At the time The Kinks Are the Village Green Preservation Society barely made a dent. It had some critical appeal, but with the public had moved on from this safer rock sound. 1968 was the time where harder and bluesier rock was starting to take control of the charts. The year of ‘Sympathy for the Devil’ and ‘Born to be Wild’ so it’s possible that a gentler sound like this was going out of fashion. Sure, the Beatles still got a number one album that year… but they’re the Beatles and, by that point, were exempt from things like fashion.

However, this is what is great about critics and with many of them having the last word on this. The Kinks Are the Village Green Preservation Society has outlasted a lot of the other albums from the same year. For a reason – it’s just good music, if only 18 months too late.

 

XL Popcorn – Persona

List Item: Watch all of the “1001 Movies You Must See Before You Die”
Progress: 625/1007
Title: Persona
Director: Ingmar Bergman
Year: 1966
Country: Sweden

With Persona I am now halfway through the ten Ingmar Bergan flicks. The only one I watched for this blog was The Hour of the Wolf… which I don’t think I really got. I still liked it, but it wasn’t the horror movie that I would have expected for a Halloween viewing.

Speaking of horror, Persona is another of Bergman’s films where I’ve seen horror listed as a sub-genre. This time I did not take that too seriously and I think it helped. What I didn’t quite expect was for this to be such an art film. I know that The Seventh Seal has the chess game with Death and that Fanny and Alexander has elements of magic… but this takes artiness to the next level. Not just because of that crucifixion clip, but in how Persona keeps breaking the fourth wall and playing with the idea of this being a film.

It’s really hard to describe Persona. It’s one of those films where I have seen a large number of interpretations that all have their own merits. On the surface of it you have a film about a nurse (Bebe Andersson) looking after an actress (Liv Ullman) who has had some sort of breakdown. For most of the film they are isolated in a remote cottage on the coast where the void left by actress’s silence leads to the nurse filling it with her own secrets.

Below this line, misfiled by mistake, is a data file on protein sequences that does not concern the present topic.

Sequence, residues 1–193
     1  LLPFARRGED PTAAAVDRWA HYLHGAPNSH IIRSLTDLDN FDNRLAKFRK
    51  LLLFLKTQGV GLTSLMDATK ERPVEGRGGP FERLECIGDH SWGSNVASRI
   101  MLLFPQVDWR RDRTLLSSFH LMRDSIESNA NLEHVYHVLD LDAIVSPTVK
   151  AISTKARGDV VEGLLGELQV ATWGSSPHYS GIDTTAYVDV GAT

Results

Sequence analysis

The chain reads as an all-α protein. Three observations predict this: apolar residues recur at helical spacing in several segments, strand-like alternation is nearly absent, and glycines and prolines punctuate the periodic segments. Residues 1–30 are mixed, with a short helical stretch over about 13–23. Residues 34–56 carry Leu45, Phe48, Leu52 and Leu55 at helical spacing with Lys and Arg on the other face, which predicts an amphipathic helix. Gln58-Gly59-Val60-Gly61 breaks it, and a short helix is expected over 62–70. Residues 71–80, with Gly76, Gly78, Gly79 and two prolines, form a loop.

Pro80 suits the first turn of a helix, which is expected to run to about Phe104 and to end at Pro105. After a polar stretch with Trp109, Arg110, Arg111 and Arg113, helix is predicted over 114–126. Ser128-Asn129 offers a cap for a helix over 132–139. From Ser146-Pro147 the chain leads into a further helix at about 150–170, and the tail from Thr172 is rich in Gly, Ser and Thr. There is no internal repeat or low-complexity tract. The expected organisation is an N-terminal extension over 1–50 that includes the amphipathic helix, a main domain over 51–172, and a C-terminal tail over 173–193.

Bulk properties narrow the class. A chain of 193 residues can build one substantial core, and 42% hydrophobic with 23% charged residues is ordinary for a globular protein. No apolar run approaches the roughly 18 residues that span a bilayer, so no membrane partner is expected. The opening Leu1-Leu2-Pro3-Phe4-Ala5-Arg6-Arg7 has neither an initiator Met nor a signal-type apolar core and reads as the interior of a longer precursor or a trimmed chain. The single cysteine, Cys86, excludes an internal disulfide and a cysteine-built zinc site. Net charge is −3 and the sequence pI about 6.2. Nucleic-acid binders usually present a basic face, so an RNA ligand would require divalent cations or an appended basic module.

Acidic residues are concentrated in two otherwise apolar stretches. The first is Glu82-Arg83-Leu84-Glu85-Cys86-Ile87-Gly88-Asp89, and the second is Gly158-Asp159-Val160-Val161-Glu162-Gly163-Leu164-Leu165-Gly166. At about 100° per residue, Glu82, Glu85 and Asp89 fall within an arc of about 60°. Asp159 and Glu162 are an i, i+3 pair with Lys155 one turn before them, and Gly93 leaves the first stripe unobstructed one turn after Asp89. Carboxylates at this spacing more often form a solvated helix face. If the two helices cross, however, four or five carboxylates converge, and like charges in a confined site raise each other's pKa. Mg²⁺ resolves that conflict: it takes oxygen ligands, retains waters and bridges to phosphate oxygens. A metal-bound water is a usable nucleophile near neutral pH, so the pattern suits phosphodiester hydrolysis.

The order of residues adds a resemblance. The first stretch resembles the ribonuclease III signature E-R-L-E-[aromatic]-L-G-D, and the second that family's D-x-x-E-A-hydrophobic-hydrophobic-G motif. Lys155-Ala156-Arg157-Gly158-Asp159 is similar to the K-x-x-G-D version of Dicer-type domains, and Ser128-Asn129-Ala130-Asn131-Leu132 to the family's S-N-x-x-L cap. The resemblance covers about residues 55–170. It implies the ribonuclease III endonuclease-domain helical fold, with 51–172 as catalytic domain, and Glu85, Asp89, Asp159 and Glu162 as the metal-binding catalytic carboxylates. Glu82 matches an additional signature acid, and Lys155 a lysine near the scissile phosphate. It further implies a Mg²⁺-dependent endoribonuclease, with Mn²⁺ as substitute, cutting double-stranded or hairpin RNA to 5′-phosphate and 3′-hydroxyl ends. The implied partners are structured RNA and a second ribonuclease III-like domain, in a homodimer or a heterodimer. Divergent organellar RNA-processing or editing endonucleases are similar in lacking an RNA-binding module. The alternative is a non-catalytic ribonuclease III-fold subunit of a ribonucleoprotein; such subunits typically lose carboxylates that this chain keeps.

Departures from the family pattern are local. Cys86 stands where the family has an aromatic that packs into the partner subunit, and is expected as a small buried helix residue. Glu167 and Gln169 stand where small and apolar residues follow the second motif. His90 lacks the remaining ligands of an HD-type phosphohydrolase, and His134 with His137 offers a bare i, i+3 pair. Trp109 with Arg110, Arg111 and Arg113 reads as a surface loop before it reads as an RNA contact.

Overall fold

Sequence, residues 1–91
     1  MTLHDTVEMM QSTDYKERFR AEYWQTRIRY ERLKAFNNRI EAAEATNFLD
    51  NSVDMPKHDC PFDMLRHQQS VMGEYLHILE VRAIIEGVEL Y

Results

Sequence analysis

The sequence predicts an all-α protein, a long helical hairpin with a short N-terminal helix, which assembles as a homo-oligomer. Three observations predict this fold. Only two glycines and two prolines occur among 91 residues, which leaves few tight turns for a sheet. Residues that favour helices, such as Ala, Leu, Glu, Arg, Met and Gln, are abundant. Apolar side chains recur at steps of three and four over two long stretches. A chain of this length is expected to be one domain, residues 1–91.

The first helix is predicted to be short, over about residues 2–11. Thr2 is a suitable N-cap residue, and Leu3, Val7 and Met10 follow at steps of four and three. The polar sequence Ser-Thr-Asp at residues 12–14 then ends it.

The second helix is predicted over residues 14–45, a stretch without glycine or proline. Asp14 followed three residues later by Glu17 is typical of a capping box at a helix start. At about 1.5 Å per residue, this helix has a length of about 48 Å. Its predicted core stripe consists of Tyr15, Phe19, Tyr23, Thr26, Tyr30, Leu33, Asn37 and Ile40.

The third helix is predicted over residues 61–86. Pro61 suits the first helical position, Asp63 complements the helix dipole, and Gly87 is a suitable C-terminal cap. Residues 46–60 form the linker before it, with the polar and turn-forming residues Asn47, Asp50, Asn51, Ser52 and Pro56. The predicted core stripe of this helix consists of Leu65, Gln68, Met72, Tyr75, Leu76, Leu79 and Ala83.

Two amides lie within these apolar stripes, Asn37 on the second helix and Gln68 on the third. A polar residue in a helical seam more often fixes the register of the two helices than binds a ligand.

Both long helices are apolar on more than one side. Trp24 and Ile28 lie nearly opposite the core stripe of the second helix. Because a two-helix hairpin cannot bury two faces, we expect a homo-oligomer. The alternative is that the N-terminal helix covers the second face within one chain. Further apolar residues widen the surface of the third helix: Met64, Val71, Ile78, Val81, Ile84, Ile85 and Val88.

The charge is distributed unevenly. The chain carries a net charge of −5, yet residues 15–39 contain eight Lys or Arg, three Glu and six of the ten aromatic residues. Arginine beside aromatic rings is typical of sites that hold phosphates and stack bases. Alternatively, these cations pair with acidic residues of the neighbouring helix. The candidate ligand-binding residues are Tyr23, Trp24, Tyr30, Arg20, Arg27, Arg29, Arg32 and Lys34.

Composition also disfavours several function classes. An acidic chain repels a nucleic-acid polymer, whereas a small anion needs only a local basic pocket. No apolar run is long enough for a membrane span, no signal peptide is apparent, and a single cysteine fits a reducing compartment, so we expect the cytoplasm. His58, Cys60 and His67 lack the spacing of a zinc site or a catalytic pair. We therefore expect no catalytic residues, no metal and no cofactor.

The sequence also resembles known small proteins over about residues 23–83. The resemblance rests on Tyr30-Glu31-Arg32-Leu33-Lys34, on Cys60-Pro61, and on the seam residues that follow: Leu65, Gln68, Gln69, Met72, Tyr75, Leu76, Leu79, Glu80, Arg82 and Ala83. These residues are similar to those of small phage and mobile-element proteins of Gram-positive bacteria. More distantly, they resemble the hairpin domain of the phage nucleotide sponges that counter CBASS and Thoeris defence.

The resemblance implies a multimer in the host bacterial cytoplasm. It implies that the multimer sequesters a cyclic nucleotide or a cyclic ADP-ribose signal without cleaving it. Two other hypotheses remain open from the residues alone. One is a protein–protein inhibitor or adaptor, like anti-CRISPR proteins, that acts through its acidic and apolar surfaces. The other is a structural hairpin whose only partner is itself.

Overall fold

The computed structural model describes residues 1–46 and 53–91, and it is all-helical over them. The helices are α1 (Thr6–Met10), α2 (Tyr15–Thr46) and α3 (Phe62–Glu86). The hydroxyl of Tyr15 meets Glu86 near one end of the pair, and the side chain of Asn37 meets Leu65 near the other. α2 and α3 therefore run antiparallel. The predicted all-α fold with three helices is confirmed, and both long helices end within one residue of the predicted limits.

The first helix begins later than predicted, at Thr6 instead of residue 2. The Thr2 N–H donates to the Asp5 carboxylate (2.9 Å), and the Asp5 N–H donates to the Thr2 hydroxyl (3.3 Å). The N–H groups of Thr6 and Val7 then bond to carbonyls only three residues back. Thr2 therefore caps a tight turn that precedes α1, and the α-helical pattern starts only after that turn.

As a description that is completely pants, mainly because such a surface description for a film like Persona is utterly pointless. The great fun with watching a film like this is to see where Bergman and his imagery takes you. He creates such an atmosphere of uncertainty in that everything you see feels like it is part of some grand deception and in the end that is what Persona is. Well, to me it is.

Having seen this I subscribe to the interpretation that Alma (the nurse) and Elisabet (the actress) are one and the same person. Bergman frames so many of the shots so that their faces overlap and when we are introduced to Elisabet’s husband he mistakes Alma to be his wife… despite the fact that they are standing with each other.

The question, therefore, becomes who is the real person and who is the persona? Or are there two people with one projecting on the other? For me, it being just Elisabet in that cabin with a nurse makes sense. The character of Alma comes from Elisabet’s subconscious and her regrets. If the beginning and ending is to be interpreted a certain way – I think that Elisabet hurt this son she never wanted and had some sort of breakdown.

Through Alma’s monologues Elisabet is coming to terms with the fact that, unlike the roles she plays on stage, being a mother is a role and a truth that she can’t excise from her life. It’s like she has been trying to reject the gender norms of female parenthood and this experience is the whiplash of it all coming crashing down on her.

Then again those are my thoughts. Persona doesn’t have a single interpretation and that’s what makes it a great film. It stays with you and makes for a great talking point.